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The producer's home studio

A post by David Mellor
Tuesday February 01, 2000
An explanation of what it takes to become a record producer.
The producer's home studio

The first rule of home studios is that they are not compulsory!

Many musicians have home studios because a good home studio can be much less expensive to operate than to hire even the cheapest and crustiest commercial studio on a regular basis.

But if you are working at the highest level of music, then you will have the budget to work in a top studio, and if you are successful you will be doing so regularly.

If you work with sequenced music however then you will obviously have your own keyboards and sampler, and a sequencer is an inevitable extra purchase, so effectively you have acquired a studio without really intending to do so.

The question now would be how much of this equipment do you want to transport to a commercial studio once you have sequenced your basic tracks?

Bear in mind that taking your whole setup apart and re-erecting it somewhere else isn't a whole load of fun. In this field of music it would be wise to find a well set up studio which you could use, which may be tied to a label and not operating as a commercial studio in the normal sense of the word, and choose equipment similar to theirs.

If you have the same sampler and sequencer, you might find that all you need to take with you are a few floppy disks and maybe your source material for loops. The synths might be different models, but it shouldn't be too much trouble to find sounds that fit what you have in mind.

Since you have the basics of a recording studio at home already then a worthwhile next step could be to record vocals there too. You might just be thinking of trying out a few ideas, or your singer might suddenly get the urge to record and it would be wise not to waste their energy and enthusiasm.

To record vocals you need a quiet, dry acoustic, a good microphone (such as that perennial favourite the Neumann U87), and a digital multitrack to which you can synchronise your sequencer. If your mixing console isn't really up to the job then you should buy a rack mounting mic preamplifier.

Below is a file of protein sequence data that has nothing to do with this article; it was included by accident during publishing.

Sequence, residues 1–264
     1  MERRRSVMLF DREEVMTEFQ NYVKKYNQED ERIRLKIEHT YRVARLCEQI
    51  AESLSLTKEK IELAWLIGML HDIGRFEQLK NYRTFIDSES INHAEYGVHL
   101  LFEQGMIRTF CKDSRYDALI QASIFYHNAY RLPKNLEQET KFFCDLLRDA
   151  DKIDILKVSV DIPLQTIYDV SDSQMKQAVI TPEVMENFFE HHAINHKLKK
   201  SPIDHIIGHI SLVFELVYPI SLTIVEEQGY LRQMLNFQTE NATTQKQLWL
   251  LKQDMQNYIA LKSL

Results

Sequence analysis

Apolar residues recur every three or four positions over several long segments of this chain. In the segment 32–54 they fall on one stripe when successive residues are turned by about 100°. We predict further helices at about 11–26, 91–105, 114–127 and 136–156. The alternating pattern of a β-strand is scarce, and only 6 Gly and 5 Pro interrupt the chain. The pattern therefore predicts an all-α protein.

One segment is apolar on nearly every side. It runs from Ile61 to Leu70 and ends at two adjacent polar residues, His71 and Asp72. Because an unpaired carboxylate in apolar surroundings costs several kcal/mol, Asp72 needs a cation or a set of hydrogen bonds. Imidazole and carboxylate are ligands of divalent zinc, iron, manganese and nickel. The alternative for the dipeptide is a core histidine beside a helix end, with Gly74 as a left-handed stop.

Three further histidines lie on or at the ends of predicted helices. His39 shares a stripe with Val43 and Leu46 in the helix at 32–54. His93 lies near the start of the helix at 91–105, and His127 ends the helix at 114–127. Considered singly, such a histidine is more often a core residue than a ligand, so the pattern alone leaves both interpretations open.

The mic and preamp will cost a bit, but if you are recording vocals at home you shouldn't skimp on cheap equipment. Your equipment must be exactly as good as the equipment in a top studio, even if you don't have as much of it.

If non-sequenced bands are your speciality, then there isn't much point in having a home studio. If it was good enough, then it would have cost so much you would have to open it up for hire to make it pay, and I think you probably want to be a producer rather than a studio manager!

This doesn't mean that you can't do some work at home. You may have a digital multitrack and a small mixing console which you can use to compile parts of several vocal takes into one good one.

This can be time consuming, and you can probably do it better by yourself in your own surroundings. You may also want to have a computer and sequencer for the odd bit of sequencing that needs to be done, or to prepare click tracks in advance of the recording session.

There are no rules, just consider what is practical and cost effective to do at home, and remember never to lower your standards and do something at home which you could have done better in a proper studio.

A post by David Mellor
Tuesday February 01, 2000 ARCHIVE
David Mellor has been creating music and recording in professional and home studios for more than 30 years. This website is all about learning how to improve and have more fun with music and recording. If you enjoy creating music and recording it, then you're definitely in the right place :-)